June 8th, 2017 by admin
A world-wide ransomware attack swept across the globe last Friday infecting over 100 countries and leaving companies reeling. The virus attacked a vulnerability in Microsoft Windows. The patches for this weakness had been released by Microsoft months prior to the attack but due to out-of-date systems many companies were infected and forced to pay a ransom for access to their data. This powerful cyberattack proves once again the immense importance of keeping your patching up to date.Reporters are referring to last Friday’s cyberattack as the largest ransomware attack to date. On May 12th, the virus that has been named “WannaCry” used a vulnerability in Microsoft Windows to spread ransomware to over 100 countries. The infected computers would display a message that said “Oops, your files have been encrypted.” Companies were threatened to pay $300 in bitcoin for the data or risk having their information be deleted. According to ABC News, “experts estimated that before the last affected computers are unlocked, victims could collectively pay more than $1 billion to the attackers.” That’s not only a lot of money, but also a lot of victims. ABC News listed some of the largest victims including “FedEx in the United States, railroads in Germany and Russia, factories and phone companies across Europe. Among the worst impacted by the historic attack unprecedented in its breadth was Britain’s Public Health Service.” Over 45 healthcare facilities in Britain were forced to suspend operations and surgeries to their patients. Because of the attack’s wide spread to over 100 countries and its impact on Britain’s Health Service, people are referring to this ransomware attack as the worst in history. VIPRE Security confirmed that the weakness in Microsoft Windows that allowed this ransomware to take over had been patched by Microsoft back in March 2017. If these companies would have been up to date with their patches, they would have been protected from the attack.
What is patching and why is it so important?According to Techopedia, “A patch is a software update comprised code inserted (or patched) into the code of an executable program. Typically, a patch is installed into an existing software program. Patches are often temporary fixes between full releases of a software package.” If you’re looking for a definition in English, here you go: When companies come out with a software release, the code for that software may contain “holes”, security vulnerabilities, or back doors that hackers can enter through. As companies (like Microsoft) discover these “holes” they provide patches, usually in the form of an update, to cover those holes and provide increased security. If you are on top of installing those patches, you are as protected as you can be. If you aren’t on top of installing those patches, you could become a victim of one of the largest ransomware attacks to date.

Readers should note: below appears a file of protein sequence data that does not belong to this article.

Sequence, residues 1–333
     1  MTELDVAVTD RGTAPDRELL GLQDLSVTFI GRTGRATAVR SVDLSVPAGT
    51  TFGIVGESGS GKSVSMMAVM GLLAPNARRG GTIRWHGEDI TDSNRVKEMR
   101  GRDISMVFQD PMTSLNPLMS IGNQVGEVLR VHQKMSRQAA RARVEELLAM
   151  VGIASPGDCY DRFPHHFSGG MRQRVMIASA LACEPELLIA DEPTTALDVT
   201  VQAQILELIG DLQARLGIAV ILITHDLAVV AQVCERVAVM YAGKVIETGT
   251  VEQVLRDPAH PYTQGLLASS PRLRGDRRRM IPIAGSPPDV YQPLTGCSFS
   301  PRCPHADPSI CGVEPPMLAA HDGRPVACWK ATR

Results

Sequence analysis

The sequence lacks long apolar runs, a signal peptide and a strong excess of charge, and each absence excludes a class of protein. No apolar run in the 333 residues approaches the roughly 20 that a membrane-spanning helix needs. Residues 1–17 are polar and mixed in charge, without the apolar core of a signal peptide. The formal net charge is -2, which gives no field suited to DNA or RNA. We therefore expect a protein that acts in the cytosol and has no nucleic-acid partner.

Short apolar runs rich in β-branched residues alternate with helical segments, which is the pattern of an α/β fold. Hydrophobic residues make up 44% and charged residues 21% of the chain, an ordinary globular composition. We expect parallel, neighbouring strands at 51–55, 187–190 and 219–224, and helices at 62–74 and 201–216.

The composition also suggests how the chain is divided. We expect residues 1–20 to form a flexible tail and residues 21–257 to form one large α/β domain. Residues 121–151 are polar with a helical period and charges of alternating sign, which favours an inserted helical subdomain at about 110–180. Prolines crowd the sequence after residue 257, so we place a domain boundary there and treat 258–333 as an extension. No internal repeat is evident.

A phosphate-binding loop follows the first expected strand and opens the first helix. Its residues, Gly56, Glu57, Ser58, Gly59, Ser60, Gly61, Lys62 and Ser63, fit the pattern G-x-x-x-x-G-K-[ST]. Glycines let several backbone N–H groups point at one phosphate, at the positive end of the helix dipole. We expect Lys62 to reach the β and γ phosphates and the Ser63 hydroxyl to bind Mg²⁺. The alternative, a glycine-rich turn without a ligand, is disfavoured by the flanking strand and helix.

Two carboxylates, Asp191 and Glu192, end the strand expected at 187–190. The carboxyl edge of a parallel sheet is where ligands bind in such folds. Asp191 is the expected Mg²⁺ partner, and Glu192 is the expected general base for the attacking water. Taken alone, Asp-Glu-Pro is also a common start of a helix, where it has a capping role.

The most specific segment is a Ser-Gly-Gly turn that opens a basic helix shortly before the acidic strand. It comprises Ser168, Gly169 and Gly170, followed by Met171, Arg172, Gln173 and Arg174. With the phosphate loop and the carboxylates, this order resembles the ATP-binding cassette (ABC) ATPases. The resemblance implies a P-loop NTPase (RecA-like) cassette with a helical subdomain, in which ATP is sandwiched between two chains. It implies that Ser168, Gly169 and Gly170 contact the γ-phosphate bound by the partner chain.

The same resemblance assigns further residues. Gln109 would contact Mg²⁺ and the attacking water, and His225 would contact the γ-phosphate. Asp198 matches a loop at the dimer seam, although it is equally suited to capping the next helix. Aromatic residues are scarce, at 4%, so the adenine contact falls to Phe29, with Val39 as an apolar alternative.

1-LINK Automated PatchingHere at Equinox, one of our clients heard about the massive attack, and concerned about his security, contacted us for a patching report. We were not only able to show them the status and details about each computer that we manage, but also able to show that every active computer they owned had a healthy patch score (including the patch from Microsoft released earlier this year that prevents this attack.) Due to our patching practices, 100% of our 1-LINK customers were protected from this cyberattack. As part of our 1-LINK plans, our clients have an entire team of technicians who manage their automated patching and backups. We make sure that our clients patches are up to date and also monitor our client’s technology daily to ensure their protection.
Are your computers safe?Two of the best practices you can take to ensure that you technology is secure are:
- Make sure that all of your software is up to date – don’t just click ignore on every pop-up about an update because they can be annoying. Those patches are there to protect you.
- Test your backups to ensure that you are able to recover your data from a disaster. And by that we mean reallytest them, don’t just assume that because you have backups you can restore them.